March 12, 2007

Wrestling’s Arnone Battles Injuries, Sickness

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Bouts with mononucleosis, separated shoulders and broken fingers — all are things of the past for No. 13 ranked sophomore Josh Arnone, who will make his first-ever appearance at the NCAA national tournament on Thursday after finishing third at the EIWA tournament on March 3. After not being able to wrestle until late December because of sickness and then foregoing the entire month of January because of injury, Arnone has since defeated four ranked wrestlers in accumulating a 9-3 record at 184 pounds. Despite his most recent success, Arnone is just happy to be competing.

“At this point I’m just happy to be wrestling in the post-season,” Arnone said. “I’m just glad I’m healthy and that I’ve been given the opportunity to show what I can do. It was depressing sitting out and watching for as much time as I did. You have to be resilient and just keep at it, so fortunately that time has passed.”

Although it’s been a frustrating year, in regards to the amount of time spent away from the mat for the Honesdale High School product, the fact that he’ll be going into nationals as a virtual unknown could prove to be a silver lining in Detroit. For Arnone, a former Pennsylvania state champion that placed at the Greco-Roman national championships in high school, confidence breeds from the fact that the element of surprise is in his favor.

“Nobody knows him at all,” said head coach Rob Koll. “They don’t have recruiting files on him, they don’t have tape on him and he does have some tricks. If he gets on top of you, he can ride you and turn you. Spot someone three or four points and he’s still dangerous.”

As to what tricks Arnone possesses, it’s the ability to ride and score points off near falls that puts the opposition in jeopardy. The ability to excel on top, combined with solid neutral skills and a non-stop motor, make Arnone a wrestler that no top-ranked athlete wishes to draw when nationals is set to commence in three days.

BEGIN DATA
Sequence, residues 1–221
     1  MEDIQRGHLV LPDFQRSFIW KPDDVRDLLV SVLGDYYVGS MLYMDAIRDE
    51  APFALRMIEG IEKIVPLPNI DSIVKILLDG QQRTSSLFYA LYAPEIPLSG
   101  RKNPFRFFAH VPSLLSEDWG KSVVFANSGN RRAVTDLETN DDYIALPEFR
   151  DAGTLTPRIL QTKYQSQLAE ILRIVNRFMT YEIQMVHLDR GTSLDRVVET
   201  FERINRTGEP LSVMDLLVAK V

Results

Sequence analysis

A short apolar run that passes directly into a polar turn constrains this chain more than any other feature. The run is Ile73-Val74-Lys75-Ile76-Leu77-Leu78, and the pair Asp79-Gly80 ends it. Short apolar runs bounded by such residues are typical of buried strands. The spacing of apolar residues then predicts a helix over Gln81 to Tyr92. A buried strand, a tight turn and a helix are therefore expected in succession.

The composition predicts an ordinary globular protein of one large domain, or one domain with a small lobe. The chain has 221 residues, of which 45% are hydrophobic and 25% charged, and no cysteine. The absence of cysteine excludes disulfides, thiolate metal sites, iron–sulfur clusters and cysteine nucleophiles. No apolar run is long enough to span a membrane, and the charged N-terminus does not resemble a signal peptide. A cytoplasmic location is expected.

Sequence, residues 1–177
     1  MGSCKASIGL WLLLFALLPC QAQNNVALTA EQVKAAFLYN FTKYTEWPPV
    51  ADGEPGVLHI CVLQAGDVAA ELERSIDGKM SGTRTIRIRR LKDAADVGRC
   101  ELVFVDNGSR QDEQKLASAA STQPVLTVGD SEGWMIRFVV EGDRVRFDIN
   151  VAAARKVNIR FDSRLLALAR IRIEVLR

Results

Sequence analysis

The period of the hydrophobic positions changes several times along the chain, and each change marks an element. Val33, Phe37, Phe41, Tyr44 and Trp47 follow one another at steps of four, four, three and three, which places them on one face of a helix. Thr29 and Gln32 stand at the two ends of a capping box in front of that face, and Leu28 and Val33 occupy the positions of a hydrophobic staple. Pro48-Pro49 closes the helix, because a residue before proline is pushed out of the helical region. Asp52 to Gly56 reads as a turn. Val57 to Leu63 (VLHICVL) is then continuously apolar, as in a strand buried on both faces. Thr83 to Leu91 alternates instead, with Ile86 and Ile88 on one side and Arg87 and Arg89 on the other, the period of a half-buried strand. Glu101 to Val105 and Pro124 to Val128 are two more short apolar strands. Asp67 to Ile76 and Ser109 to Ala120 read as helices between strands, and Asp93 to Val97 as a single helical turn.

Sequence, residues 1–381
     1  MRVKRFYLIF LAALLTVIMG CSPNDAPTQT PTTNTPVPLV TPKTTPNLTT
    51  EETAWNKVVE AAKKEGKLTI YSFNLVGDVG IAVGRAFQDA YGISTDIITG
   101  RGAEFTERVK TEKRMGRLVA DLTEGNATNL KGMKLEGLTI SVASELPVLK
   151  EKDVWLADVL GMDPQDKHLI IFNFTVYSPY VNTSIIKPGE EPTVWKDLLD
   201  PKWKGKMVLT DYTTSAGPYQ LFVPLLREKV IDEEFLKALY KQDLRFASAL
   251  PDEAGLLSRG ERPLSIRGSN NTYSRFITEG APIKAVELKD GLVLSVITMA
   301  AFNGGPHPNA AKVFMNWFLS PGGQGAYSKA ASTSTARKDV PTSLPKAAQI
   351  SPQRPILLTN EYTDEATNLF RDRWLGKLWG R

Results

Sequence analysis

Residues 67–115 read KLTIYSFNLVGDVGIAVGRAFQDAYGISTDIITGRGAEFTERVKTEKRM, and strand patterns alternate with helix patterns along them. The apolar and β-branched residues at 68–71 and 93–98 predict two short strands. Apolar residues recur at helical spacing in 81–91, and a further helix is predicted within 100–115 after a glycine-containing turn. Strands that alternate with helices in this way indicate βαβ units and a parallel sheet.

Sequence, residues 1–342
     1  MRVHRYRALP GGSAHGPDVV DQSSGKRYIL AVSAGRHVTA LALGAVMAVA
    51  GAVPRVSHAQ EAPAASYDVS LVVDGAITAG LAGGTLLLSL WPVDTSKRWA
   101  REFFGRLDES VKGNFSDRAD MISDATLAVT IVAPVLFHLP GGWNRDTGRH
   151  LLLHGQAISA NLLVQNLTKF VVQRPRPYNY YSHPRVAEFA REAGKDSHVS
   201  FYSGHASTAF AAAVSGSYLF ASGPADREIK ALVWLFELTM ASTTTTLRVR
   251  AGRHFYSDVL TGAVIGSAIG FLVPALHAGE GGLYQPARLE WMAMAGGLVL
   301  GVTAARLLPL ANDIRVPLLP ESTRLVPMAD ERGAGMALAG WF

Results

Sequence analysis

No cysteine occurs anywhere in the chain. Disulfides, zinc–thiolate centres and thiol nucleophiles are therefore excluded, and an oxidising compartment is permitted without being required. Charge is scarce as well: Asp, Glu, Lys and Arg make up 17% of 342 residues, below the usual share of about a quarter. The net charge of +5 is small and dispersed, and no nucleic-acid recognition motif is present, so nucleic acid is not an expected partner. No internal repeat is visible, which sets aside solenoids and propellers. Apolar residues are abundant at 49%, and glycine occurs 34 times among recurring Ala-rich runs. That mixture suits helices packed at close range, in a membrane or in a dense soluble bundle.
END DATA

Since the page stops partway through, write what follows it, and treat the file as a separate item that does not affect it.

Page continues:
“That tournament is a meat-grinder and nobody is going to want to see his name in their bracket,” said assistant coach Tyler Baier ’05. “He’s good on top, and when you can score three points at a time it can end a match quickly. That’s what separates the good wrestlers from the great ones. Nobody has ever seen him on his feet, and when it comes to scouting him, nobody knows what his attacks are going be like. Even when he’s on top, nobody is going to know what to expect.”

The only doubt surrounding Arnone is that the human biology health and society major has only wrestled in 12 matches this season. While spending the first part of the season watching as other wrestlers filled in for him at 184 pounds, Arnone has kept in shape by cycling, lifting and performing other various cardiovascular workouts.

“I’m probably the best stationary biker on the entire team,” Arnone said. “I guess that’s just what happens when you ride it as much as I have. Still, it was better than when I had mono and couldn’t do anything besides sit and watch everything. If anything, I’ve learned that I don’t ever want to do that again.”

Although he’s only been healthy for a month and a half, his shortened season could turn out to be a positive in that he’s stayed fresh and hasn’t been exposed to the rigors of a six-month long season.

“He’s been hurt, sick and although there has been some disappointment, sometimes it can be a good thing,” said assistant coach Damion Hahn, who won back-to-back national titles wrestling at Minnesota in 2003 and 2004. “I remember when I was a wrestling my junior year and I was out for the entire first half of the season because I was rehabbing from a knee injury. I thought it was a great thing having been out because I was fresh and ready to go for nationals when everybody was all beat up and couldn’t wait for the season to be over. Josh just needs to look at it like that and that mindset will really help him.”

If Arnone performs well in Detroit, it won’t come as a surprise to many inside the Cornell camp. Given that the 5-11 Arnone makes a living out of knocking off higher ranked wrestlers, the opposition should expect to wrestle full-go for the entire duration of the match.

“He’s a wrestler who will get after you for a full seven minutes,” Hahn said. “Sometimes we have to tell him to calm down in practice because he’ll get into his own little zone. In all aspects from neutral to top and bottom, he’s solid in all areas. He has all the tools and people will overlook him. Without a doubt, he’s our dark horse.”